Glossary of Design Terms

  1. A
  2. B
  3. C
  4. D
  5. E
  6. F
  7. G
  8. H
  9. I
  10. J
  11. K
  12. L
  13. M
  14. N
  15. O
  16. P
  17. R
  18. S
  19. T
  20. U
  21. V
  22. W
  23. X

gamut

Also called color gamut. This is the complete amount of colors which can be accurately represented in a given circumstance, such as the total amount of colors which can be printed by a printer or the total amount of colors that can be represented by a computer display. It can also refer to the the total amount of colors that can be represented in a color space. For example, the sRGB color space has a smaller gamut than the Adobe RGB color space, meaning that Adobe RGB can reproduce more colors than sRGB. Or on a broader scale, the RGB has a larger gamut than CMYK.

glyphs

By actual definition, a glyph is a pictograph; a graphic character or symbol. As used in InDesign and other design and typesetting programs, a glyph refers to any individual character in a font and, more commonly, one of the special characters in a font that is not on a standard keyboard. Glyphs can include ligatures (fi, Th), fractions (1/2, 2/3), swash characters, titiling characters, ornaments and common symbols such as ©. Foreign characters are also glyphs.

grain

Also called paper grain. A term used to describe the directional character of paper defined by the direction it travels on the rollers when being created. The grain is the primary direction of the fibers which make the paper. With the grain refers to folding paper parallel to the grain. Paper folds more easily and tears straighter with the grain than against the grain. A rectangular piece of paper (such as letter sized sheet) is referred to as either short-grain (meaning the grain travels in the direction of the shorter dimension—8.5″) or long-grain (the grain travels in the direction of the longer dimension—11″). This is important to know when binding, as the grain must be parallel to the spine of the publication so that the papers turn smoothly.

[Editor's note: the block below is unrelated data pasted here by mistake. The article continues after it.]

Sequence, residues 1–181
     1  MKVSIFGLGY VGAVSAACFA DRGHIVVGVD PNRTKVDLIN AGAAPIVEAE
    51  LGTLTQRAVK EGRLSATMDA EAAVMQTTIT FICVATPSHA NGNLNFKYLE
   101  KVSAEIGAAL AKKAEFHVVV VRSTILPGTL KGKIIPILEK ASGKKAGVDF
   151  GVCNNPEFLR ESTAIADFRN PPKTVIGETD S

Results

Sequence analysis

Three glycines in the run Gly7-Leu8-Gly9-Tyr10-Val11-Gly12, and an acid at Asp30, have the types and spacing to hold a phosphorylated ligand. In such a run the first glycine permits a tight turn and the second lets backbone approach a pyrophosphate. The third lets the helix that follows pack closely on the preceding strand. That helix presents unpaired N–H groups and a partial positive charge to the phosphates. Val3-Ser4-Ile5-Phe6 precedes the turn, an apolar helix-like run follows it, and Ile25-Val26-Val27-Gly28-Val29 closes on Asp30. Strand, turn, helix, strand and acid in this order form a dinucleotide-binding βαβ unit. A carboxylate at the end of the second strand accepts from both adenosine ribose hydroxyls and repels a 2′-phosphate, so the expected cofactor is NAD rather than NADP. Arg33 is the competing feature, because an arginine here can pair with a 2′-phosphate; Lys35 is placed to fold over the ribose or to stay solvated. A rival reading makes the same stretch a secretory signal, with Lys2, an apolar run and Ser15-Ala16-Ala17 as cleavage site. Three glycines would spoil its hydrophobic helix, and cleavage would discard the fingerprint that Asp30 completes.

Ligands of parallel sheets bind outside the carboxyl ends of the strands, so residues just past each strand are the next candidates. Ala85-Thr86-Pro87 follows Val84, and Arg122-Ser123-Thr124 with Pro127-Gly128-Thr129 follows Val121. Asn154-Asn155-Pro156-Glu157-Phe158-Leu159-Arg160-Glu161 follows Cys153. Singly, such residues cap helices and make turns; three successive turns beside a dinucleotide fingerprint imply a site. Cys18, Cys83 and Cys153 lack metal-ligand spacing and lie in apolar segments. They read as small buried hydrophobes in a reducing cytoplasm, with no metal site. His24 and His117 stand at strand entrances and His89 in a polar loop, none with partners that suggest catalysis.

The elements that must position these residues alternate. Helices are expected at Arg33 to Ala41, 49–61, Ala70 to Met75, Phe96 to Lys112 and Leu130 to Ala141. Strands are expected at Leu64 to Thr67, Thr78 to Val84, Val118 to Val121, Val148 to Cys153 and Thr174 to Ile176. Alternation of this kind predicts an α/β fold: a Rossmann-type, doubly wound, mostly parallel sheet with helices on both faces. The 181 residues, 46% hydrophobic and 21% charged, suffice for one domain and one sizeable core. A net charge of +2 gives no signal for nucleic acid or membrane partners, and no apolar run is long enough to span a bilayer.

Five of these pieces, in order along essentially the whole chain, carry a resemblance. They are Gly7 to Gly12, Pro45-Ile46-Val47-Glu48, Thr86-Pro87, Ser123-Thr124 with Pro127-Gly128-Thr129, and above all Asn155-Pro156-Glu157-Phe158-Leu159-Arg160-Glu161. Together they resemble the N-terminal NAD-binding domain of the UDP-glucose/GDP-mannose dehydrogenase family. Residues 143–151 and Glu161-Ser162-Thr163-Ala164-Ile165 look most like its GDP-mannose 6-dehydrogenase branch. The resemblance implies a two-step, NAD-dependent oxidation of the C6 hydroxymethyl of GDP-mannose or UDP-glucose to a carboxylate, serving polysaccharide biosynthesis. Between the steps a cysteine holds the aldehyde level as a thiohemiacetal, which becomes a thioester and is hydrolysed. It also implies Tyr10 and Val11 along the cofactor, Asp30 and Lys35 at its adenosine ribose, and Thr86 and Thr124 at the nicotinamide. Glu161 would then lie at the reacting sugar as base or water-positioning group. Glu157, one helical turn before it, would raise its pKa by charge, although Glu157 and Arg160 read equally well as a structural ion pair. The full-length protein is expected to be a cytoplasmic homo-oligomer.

graphic arts

A term applied historically to the art of printmaking and drawing. In modern usage, it refers to the applied trade-skills of a pressman, prepress technician or typesetter. The term can also include the trades of silk-screen printing and binding.

graphic design

The term graphic design can refer to a number of artistic and professional disciplines which focus on visual communication and presentation. Various methods are used to create and combine symbols, images and words to create a visual representation of ideas and messages. A graphic designer may use typography, visual arts and page layout techniques to produce the final result. Graphic design often refers to both the process (designing) by which the communication is created and the products (designs) which are generated.

grayscale

In photography and computing, a grayscale or grayscale digital image is an image composed exclusively of shades of gray, varying from black at the weakest intensity to white at the strongest. In Photoshop and other imaging programs, grayscale also denotes a color mode where such images are created or edited. This color mode only has one channel, compared to RGB, which has three and CMYK, which has four.

grid

A set of guidelines, able to be seen in the design process and invisible to the end-user/audience, for aligning and repeating elements on a page. A page layout may or may not stay within those guidelines, depending on how much repetition or variety the design style in the series calls for. Grids are meant to be flexible. Using a grid to lay out elements on the page may require just as much or more graphic design skill than that which was required to design the grid. Compare to template.

groundwood

Paper stocks are classified as groundwood when they contain more than 10% of their pulp produced from a mechanical process that grinds wood into pulp. Although the compound in wood that makes paper is the major ingredient of the pulp, because all of the wood is used, other ingredients become part of the pulp as well. These other substances causes groundwood stocks to yellow quickly and become brittle, making them usable only for non-permanent printed items such as newspapers. In addition to this, the wood grinding process produces a pulp with very short fibers so the resulting paper has a low tear strength. Groundwood stocks are less bright and less permanent than paper produced from chemical pulp (which is pulp created from a chemical rather than mechanical process). Chemical fibers are added to many groundwood stocks to give them added strength.

Back to top of page